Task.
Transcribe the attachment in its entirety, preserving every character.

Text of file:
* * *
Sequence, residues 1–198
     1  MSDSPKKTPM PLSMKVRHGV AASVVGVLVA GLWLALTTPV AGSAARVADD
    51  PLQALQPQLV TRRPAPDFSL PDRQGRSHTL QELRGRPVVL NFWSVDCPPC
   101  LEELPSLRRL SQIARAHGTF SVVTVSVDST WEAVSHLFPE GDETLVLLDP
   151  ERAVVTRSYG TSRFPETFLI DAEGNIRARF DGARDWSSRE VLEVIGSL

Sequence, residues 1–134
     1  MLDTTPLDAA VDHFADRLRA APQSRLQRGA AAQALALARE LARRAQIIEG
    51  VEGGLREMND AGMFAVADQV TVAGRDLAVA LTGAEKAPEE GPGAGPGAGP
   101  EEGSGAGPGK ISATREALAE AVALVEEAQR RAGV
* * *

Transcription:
Sequence, residues 1–198
     1  MSDSPKKTPM PLSMKVRHGV AASVVGVLVA GLWLALTTPV AGSAARVADD
    51  PLQALQPQLV TRRPAPDFSL PDRQGRSHTL QELRGRPVVL NFWSVDCPPC
   101  LEELPSLRRL SQIARAHGTF SVVTVSVDST WEAVSHLFPE GDETLVLLDP
   151  ERAVVTRSYG TSRFPETFLI DAEGNIRARF DGARDWSSRE VLEVIGSL

Sequence, residues 1–134
     1  MLDTTPLDAA VDHFADRLRA APQSRLQRGA AAQALALARE LARRAQIIEG
    51  VEGGLREMND AGMFAVADQV TVAGRDLAVA LTGAEKAPEE GPGAGPGAGP
   101  EEGSGAGPGK ISATREALAE AVALVEEAQR RAGV